The Drosophila signaling molecule Wingless (Wg) plays crucial roles in cell-cell communications during development. In the developing nervous system, a previous study has shown that Wg acts non-autonomously to specify the fate of a specific neuronal precursor, NB4-2. The lack of autocrine specification of NB4-2 in Wg-expressing cells suggests that the response to Wg is spatially restricted, presumably through the activity of the Wg-receptor. I show that two other proteins, a transcription factor Gooseberry (Gsb) and a transmembrane protein Patched (Ptc), participate in the Wg-mediated specification of NB4-2 by controlling the response to the Wg signal. In gsb mutants, Wg-positive NB5-3 is transformed to NB4-2 in a Wg-dependent manner, suggesting that Gsb normally represses the capacity to respond to the Wg signal. In ptc mutants, Gsb is ectopically expressed in normally Wg-responsive cells, thus preventing the Wg response and consequently the correct specification of NB4-2 does not take place. This conclusion is supported by the observation that NB4-2 can be specified in gsb;ptc double mutants in a Wg-dependent manner. Moreover, ectopic expression of Gsb from the hsp70-gsb transgene also blocks the response to the Wg signal. I propose that the responsiveness to the Wg signal is controlled by sequential negative regulation, ptc→gsb→Wg receptor. The timing of the response to Gsb suggests that the specification of neuroblast identities takes place within the neuroectoderm, prior to neuroblast delamination.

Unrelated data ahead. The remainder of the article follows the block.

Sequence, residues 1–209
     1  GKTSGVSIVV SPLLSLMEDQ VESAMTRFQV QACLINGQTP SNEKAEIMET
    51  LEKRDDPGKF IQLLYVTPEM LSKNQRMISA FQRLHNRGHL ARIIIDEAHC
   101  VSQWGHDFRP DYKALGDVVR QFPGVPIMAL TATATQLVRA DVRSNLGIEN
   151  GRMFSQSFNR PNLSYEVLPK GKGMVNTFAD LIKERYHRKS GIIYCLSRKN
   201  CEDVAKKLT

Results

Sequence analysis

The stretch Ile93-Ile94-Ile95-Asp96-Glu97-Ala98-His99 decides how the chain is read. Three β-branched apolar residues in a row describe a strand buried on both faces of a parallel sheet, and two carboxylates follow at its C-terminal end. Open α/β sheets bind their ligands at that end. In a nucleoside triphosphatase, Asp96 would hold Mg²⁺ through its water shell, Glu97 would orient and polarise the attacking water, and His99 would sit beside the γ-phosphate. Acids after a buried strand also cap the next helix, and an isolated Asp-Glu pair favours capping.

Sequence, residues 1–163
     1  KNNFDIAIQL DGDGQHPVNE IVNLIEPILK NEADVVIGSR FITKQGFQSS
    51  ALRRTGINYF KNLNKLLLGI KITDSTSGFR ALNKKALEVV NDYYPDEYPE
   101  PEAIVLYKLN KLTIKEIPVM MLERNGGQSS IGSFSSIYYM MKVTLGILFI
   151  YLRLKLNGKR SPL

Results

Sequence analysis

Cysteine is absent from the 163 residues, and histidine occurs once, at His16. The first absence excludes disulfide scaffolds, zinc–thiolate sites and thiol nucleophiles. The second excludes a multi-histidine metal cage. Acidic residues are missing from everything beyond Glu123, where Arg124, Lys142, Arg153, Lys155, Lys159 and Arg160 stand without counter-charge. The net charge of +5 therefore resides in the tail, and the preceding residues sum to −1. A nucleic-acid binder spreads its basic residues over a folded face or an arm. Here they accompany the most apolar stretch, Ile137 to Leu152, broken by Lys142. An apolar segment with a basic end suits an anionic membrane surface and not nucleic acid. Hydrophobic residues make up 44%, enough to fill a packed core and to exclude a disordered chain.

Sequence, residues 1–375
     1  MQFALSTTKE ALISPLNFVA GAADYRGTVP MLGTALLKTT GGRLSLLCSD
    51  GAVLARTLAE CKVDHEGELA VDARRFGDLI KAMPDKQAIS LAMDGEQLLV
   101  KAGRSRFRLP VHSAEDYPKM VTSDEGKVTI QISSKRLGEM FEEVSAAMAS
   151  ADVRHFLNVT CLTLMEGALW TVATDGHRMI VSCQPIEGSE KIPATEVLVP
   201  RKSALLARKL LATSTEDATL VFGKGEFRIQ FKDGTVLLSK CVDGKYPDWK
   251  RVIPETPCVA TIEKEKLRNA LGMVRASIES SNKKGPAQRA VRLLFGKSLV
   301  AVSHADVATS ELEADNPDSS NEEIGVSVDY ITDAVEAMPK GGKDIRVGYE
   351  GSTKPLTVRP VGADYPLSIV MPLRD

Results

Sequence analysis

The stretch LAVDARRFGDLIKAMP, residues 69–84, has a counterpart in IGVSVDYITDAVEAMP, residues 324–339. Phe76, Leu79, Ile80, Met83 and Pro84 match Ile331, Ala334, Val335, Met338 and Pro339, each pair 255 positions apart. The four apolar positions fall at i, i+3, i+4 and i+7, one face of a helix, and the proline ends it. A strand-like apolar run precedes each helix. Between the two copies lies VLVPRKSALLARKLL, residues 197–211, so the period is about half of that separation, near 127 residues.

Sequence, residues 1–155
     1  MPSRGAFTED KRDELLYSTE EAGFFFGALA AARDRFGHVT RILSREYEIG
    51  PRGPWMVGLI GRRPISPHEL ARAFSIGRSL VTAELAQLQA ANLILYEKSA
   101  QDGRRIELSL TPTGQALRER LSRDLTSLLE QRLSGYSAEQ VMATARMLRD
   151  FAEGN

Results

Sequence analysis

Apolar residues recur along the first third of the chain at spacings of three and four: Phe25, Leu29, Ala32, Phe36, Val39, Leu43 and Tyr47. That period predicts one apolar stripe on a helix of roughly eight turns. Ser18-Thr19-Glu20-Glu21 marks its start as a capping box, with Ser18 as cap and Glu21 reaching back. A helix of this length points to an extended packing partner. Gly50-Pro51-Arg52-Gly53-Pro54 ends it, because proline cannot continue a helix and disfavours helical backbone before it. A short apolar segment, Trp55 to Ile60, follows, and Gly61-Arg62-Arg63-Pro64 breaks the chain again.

|Original language||English (US)|
|Number of pages||12|
|State||Published - Oct 10 1996|
ASJC Scopus subject areas
- Molecular Biology
- Developmental Biology